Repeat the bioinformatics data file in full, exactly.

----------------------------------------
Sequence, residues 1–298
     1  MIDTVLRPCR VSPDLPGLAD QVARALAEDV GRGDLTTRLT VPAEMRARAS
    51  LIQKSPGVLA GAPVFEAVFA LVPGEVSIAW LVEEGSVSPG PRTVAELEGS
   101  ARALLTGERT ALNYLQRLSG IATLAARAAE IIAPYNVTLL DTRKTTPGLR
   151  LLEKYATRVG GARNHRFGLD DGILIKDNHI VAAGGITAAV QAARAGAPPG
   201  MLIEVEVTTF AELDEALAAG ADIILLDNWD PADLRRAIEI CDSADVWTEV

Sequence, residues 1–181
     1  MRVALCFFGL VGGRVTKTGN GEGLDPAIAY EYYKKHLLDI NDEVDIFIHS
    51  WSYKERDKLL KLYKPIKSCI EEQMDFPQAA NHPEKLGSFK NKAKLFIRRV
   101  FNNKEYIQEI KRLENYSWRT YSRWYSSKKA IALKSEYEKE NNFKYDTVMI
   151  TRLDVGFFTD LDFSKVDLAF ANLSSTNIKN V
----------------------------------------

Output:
Sequence, residues 1–298
     1  MIDTVLRPCR VSPDLPGLAD QVARALAEDV GRGDLTTRLT VPAEMRARAS
    51  LIQKSPGVLA GAPVFEAVFA LVPGEVSIAW LVEEGSVSPG PRTVAELEGS
   101  ARALLTGERT ALNYLQRLSG IATLAARAAE IIAPYNVTLL DTRKTTPGLR
   151  LLEKYATRVG GARNHRFGLD DGILIKDNHI VAAGGITAAV QAARAGAPPG
   201  MLIEVEVTTF AELDEALAAG ADIILLDNWD PADLRRAIEI CDSADVWTEV

Sequence, residues 1–181
     1  MRVALCFFGL VGGRVTKTGN GEGLDPAIAY EYYKKHLLDI NDEVDIFIHS
    51  WSYKERDKLL KLYKPIKSCI EEQMDFPQAA NHPEKLGSFK NKAKLFIRRV
   101  FNNKEYIQEI KRLENYSWRT YSRWYSSKKA IALKSEYEKE NNFKYDTVMI
   151  TRLDVGFFTD LDFSKVDLAF ANLSSTNIKN V